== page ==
The Terrible Fear of Missing the Point

Drew Houston is the CEO and co-founder of DropBox.  Yes, the cloud storage platform that you've probably used, weren't entirely sure if you needed to use again and that went public at $29 a pop on March 23 of this year.  Drew, and a supporting cast of merry-mind-melders, keep popping up in my life and they have a way of infecting you with their ideas.  I use the word infection because being struck by an idea is an omnipresent risk of being in it's proximity. Once infected you can think of little else but the symptoms.  In the case of an idea-infection the symptom is an opening of doors that is irreversible. Each breadcrumb of information leads further down the where? Nowhere. There isn't a 'there.'  There isn't such thing as arriving. There is no destination.  You're stuck on this path forever pal and you best deal with that.

In Tribe of Mentors, Drew paints a picture that I've been thinking of ever since.  A door opened that cannot be closed. A thing done that cannot be undone.  The picture is that of the tennis ball, the circle and the number 30,000; the cast of his commencement address at MIT in 2013.

The first is a tennis ball.  Any old tennis ball.  The old one your dog loves and will incessantly chase after when thrown.  Find something you love more than yourself and be the dog.  For Drew:

"The most successful people...are all obsessed with solving a problem that really matters to them"

There has never been a better time ever to be a problem solver and you bet your boots there are a host of problems worth solving.  Solve problems for yourself. Give ideas away and solve problems for others.  Drew points out that these shouldn't be any old problems.  Trump's hair flaps in the wind. THAT'S a problem. But are you going to solve that problem? No, you're not, so find problems worth solving, make something people want and create true value. If you look closely the world could work a lot better and we need you to get there.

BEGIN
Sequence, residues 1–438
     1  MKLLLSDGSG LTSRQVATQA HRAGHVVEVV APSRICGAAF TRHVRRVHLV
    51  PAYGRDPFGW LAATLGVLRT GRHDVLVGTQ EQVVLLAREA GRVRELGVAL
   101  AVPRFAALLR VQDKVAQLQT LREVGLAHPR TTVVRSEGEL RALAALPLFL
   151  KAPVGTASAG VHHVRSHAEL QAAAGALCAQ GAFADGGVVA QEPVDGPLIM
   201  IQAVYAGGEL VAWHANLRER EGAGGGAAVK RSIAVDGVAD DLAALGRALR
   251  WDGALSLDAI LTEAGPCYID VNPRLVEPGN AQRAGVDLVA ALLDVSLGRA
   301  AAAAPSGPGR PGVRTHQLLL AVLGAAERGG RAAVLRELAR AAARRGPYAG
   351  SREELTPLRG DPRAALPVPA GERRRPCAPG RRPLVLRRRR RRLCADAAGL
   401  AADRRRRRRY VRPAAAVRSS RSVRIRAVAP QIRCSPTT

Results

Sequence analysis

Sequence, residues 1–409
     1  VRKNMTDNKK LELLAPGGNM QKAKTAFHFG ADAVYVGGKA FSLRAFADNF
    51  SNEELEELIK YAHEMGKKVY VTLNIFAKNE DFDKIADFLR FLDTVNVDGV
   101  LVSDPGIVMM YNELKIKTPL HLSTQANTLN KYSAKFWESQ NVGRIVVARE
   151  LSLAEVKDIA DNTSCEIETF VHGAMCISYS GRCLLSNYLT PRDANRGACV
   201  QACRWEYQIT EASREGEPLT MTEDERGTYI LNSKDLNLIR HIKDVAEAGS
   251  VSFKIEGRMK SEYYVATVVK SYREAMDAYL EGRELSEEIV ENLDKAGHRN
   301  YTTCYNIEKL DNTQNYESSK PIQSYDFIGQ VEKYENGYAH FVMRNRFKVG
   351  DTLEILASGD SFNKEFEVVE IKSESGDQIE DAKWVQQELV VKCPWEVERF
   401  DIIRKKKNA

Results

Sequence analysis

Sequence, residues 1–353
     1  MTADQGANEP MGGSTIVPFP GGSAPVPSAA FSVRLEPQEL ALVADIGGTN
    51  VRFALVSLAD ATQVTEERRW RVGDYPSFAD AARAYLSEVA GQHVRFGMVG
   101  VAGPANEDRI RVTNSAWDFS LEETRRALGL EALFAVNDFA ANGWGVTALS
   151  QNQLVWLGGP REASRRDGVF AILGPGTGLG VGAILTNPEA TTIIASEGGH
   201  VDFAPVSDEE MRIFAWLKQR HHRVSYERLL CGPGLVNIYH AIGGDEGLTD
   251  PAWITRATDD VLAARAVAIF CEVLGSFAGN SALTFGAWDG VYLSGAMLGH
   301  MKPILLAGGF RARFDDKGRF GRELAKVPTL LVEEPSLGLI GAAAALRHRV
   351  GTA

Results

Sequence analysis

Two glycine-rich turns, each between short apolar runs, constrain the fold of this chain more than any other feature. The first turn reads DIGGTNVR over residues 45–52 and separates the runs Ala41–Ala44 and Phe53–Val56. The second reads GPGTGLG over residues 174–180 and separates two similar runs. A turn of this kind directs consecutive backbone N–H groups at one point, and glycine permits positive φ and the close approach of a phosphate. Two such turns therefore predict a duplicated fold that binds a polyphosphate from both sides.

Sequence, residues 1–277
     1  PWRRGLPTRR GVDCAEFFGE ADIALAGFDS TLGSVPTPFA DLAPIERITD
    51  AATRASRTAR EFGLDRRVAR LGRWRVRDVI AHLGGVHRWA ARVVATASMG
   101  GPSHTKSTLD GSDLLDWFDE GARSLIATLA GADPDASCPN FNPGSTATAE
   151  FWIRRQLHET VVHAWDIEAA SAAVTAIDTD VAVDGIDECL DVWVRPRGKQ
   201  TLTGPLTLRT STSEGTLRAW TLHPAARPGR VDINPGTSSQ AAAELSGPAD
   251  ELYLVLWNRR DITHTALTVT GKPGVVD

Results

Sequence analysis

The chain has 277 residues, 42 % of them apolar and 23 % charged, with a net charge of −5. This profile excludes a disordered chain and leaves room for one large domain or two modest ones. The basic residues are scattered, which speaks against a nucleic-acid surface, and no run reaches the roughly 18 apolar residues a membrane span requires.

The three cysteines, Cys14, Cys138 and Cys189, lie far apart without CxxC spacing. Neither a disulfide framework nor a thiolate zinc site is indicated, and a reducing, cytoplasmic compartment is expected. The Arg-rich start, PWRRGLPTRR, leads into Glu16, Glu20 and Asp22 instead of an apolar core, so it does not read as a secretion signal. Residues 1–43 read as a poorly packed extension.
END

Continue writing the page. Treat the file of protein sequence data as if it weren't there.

Second, a simple circle.  The circle is drawn around you and the 5 people you spend the most time with.  Think of the circle as an organism.  There are 6 components of the organism and the unit as a whole is a living, breathing thing.  Characteristics of all 6 members combine to make up the whole.   You are the average of the five people you are in that circle with. Since we were born we were destined to suffer from osmosis of the mind; we interact with stimulus in the outside world, we form a belief around that information and then we act based on that belief.  We've completed information's circle of life and the new action/belief are put out into the world for someone else to distort, duplicate or destroy. Who you have in your circle matters. It matters a lot. It may be the most important decision you ever make.

The third is the number 30,000 (or thereabout).  For our purposes here I'm scaling to 31,025. That's how many days you have from birth assuming you live to 85 (I hope you live longer if you're in good health).  You've done 9,125 of those days by the time you're 25. When you're 25 how many things do you know that matter?  If you're humble you know that it is very few. It's actually ridiculously few.  Nonetheless here you are living your 9,126th day and you're none the wiser about how many single life-units you have left.  Picture 30,000 of anything. You've surely been to a concert with more than 30,000 other freaks. In fact that is a small concert.  Lebron James almost attracts that number nightly during the NBA playoffs. Now look around the stadium or the festival grounds. Each one of those people is a day of your life.  YOU CAN FIT EVERY SINGLE DAY OF YOUR LIFE IN ONE PHOTO FROM A CONCERT YOU DON'T EVEN REMEMBER! That's absurd.  The most humble I've ever felt was the day I read Tim Urban's Your Life in Weeks.

The point is this:  find something you love more than yourself and create true value for the world, find your tribe and make their lives better and remember that life is measured in years but lived in days.